Clarice Satrom has always been an outgoing and fun-loving person. Growing up in a tight-knit Irish family, she learned to appreciate music, dancing and laughter. She carried on her family’s traditions as she and her husband Lester raised two daughters and two sons on their farm near Grandin, N.D. Through 48 years of marriage, Clarice and Lester enjoyed many laughs and memories.
A conversation with her husband’s doctor several years ago set Clarice and Lester’s lives on a path they hadn’t anticipated. Lester had previously been diagnosed with Parkinson’s disease, and Lester’s doctor sat Clarice down for a talk during an appointment. “He said, ‘Why isn’t he on hospice?’ And I said, ‘Well, I thought that wasn’t until the end of your life,’” Clarice explained. “The doctor told me that’s what everybody says, and then he went to the phone and got my husband on hospice care immediately.”
Clarice hadn’t thought about hospice prior to that meeting, but she and Lester were thrilled with the care he received. An early referral to hospice by Lester’s doctor helped him live more fully for the next two years in their home and, later, in the nursing home. “I didn’t realize the full services [offered by Hospice of the Red River Valley],” she said. As Lester’s health continued to decline, Hospice was there for the couple. “The care was just so wonderful. The Hospice staff was always so helpful and nice and polite. They paid so much attention to him.” Lester passed away under the care of Hospice of the Red River Valley in 2008.
“After he died, I just didn’t know what I was going to do with myself,” Clarice said. “I felt all alone, even though I wasn’t.” Her two sons had taken over operations of the family farm, and Clarice kept busy cooking meals and taking care of her home. But she wanted to do something more.
Clarice was asked by a Hospice staff member if she’d be interested in volunteering for the organization. She quickly agreed. “I thought, ‘I’m lonely. I need to go out and do something,’” Clarice shared. “Hospice is wonderful, and I knew I wanted to do it.”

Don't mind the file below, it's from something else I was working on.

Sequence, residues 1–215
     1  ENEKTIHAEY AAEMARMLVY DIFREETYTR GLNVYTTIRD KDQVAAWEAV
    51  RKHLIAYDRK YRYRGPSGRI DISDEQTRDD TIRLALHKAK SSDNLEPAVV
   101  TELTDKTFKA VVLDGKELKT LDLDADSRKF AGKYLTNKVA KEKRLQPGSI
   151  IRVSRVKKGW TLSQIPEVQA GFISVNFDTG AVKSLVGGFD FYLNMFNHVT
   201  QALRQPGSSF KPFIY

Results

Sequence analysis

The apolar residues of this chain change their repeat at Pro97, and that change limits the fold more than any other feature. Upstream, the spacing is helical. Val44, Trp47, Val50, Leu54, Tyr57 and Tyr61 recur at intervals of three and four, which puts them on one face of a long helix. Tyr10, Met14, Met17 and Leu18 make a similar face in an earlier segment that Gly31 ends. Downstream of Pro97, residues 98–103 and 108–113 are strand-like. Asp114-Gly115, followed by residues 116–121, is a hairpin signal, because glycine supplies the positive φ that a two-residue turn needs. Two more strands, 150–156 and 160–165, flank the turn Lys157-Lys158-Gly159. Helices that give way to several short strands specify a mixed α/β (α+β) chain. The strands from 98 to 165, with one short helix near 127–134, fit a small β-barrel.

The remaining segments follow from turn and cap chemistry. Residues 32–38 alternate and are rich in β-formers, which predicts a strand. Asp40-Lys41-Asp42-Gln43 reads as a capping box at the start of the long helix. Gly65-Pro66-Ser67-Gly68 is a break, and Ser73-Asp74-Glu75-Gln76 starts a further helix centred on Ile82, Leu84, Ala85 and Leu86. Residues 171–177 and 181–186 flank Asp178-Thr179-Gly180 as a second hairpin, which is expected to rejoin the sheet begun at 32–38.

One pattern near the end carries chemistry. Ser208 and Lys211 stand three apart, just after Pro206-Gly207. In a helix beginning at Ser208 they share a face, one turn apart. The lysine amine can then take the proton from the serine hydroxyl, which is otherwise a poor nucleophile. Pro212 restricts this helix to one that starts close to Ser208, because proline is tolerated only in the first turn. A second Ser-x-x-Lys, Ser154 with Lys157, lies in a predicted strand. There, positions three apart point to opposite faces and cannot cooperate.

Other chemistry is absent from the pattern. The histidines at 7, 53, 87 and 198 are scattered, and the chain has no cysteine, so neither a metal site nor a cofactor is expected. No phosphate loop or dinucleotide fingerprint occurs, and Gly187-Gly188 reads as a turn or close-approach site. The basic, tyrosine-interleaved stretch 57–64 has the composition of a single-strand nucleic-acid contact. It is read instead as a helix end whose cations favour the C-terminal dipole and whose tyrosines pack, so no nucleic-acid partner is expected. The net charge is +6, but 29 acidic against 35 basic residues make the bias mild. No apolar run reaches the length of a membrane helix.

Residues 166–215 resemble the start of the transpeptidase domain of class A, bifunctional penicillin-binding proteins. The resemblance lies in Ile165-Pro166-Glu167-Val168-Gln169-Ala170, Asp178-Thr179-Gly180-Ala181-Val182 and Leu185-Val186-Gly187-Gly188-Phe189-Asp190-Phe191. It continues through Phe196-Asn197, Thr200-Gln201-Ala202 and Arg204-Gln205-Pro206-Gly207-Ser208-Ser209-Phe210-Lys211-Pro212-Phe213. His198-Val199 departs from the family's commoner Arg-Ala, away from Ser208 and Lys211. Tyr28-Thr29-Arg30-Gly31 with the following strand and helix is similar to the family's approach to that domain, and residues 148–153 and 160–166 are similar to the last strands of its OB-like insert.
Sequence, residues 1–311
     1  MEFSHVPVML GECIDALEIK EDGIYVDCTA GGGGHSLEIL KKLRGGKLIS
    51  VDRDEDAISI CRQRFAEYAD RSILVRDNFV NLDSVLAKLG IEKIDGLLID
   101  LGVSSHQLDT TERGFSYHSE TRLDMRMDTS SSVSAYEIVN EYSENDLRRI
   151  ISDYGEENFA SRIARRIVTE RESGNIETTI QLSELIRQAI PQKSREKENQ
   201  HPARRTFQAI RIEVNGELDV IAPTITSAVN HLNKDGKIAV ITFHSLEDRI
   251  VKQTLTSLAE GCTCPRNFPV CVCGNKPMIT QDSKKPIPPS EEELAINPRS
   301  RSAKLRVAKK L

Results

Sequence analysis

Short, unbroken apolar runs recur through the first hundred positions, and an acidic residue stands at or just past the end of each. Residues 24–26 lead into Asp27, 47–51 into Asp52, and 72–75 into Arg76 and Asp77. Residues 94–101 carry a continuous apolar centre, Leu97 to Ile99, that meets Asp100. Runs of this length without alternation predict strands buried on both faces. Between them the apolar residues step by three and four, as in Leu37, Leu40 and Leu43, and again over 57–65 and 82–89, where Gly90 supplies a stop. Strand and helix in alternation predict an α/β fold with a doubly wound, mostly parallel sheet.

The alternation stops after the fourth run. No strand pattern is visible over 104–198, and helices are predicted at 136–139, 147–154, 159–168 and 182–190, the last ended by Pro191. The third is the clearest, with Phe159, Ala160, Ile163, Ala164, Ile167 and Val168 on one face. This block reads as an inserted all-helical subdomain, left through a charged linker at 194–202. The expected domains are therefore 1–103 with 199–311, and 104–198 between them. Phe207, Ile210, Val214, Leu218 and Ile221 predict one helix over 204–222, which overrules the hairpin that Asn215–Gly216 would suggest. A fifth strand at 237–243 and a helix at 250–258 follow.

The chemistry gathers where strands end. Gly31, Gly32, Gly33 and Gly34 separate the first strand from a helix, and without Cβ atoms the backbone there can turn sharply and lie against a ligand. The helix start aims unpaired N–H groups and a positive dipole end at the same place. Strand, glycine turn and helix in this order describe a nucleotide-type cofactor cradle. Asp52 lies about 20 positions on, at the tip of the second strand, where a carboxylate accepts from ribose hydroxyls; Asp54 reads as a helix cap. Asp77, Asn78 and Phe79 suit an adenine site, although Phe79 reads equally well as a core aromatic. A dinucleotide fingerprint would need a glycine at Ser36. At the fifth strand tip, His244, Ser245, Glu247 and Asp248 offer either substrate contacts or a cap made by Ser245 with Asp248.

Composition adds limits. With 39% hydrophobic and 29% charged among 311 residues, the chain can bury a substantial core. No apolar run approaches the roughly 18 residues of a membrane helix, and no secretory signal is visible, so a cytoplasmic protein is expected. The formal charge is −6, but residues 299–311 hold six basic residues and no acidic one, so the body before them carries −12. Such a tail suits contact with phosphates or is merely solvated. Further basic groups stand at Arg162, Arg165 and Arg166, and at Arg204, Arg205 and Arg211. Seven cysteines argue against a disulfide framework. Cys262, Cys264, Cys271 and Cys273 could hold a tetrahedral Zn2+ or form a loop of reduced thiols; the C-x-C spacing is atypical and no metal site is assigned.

Throughout the past seven years, she has worked with dozens of patients. Clarice believes she’s able to bond with patients quickly because she brings her personality and sense of humor to the work, and she likes to keep things light-hearted. Her enthusiasm for the work—and her friendly, humorous personality—comes across as she recounts stories of her time spent volunteering.
She dresses in costumes and visits with patients on holidays. “Oh boy, do they laugh,” she says as she smiles. “At the nursing home and assisted living home, the people there are just so fun!” She sings and dances with patients when someone agrees to play the piano or guitar. She reads, goes for walks and sits at their bedsides. “Anything they want,” she said.
Each patient is different, of course. Clarice takes time to get to know them as individuals, to figure out “what makes them tick and then I work with that,” she said. She recalled one patient who had trouble speaking because of her illness, which made it difficult to have conversations. Clarice tried a new approach to connect with the patient. “One day I said, “Let’s sing Jesus Loves Me, and she just sang her heart out,” Clarice shared. “She knew all these songs, and she could sing them out, and you could understand her.”
Clarice pours her heart and soul into volunteering with Hospice patients. And giving back means the world to her. “People ask me, ‘How can you do it?’ I can do it because I love it,” she explained. “I love the people. I love to talk to people and especially in a situation like that. They’re all so precious.”